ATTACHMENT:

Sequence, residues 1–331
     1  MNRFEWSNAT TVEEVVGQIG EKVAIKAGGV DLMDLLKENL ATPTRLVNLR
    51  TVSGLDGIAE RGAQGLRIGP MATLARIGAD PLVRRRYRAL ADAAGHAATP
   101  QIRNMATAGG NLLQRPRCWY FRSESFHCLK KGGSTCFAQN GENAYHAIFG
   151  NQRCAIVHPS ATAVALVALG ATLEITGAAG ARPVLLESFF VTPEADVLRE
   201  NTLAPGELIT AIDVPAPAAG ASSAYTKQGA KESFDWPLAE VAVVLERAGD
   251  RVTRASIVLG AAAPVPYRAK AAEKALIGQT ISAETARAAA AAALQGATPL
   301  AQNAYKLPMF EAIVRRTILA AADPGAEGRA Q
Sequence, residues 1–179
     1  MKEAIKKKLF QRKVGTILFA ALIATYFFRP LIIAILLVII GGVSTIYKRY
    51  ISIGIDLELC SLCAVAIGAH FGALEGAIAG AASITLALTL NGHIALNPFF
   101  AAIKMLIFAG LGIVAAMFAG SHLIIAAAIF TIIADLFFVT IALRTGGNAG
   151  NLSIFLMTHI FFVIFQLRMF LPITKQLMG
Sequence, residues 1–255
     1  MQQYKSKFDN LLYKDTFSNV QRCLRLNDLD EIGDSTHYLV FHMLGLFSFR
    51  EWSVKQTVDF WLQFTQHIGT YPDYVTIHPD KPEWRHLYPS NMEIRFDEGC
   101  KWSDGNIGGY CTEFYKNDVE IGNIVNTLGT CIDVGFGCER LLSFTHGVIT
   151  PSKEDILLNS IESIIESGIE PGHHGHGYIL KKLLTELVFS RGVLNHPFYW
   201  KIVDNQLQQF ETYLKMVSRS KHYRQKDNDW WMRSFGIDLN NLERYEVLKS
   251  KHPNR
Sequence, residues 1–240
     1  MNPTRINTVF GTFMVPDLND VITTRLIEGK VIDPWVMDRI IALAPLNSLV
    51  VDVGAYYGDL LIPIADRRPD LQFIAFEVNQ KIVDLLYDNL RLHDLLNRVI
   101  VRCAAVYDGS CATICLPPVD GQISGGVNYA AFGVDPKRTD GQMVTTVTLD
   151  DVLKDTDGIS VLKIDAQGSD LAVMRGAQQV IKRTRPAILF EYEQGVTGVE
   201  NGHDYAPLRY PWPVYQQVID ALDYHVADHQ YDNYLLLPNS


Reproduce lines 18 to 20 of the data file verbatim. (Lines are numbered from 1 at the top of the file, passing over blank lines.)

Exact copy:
   151  PSKEDILLNS IESIIESGIE PGHHGHGYIL KKLLTELVFS RGVLNHPFYW
   201  KIVDNQLQQF ETYLKMVSRS KHYRQKDNDW WMRSFGIDLN NLERYEVLKS
   251  KHPNR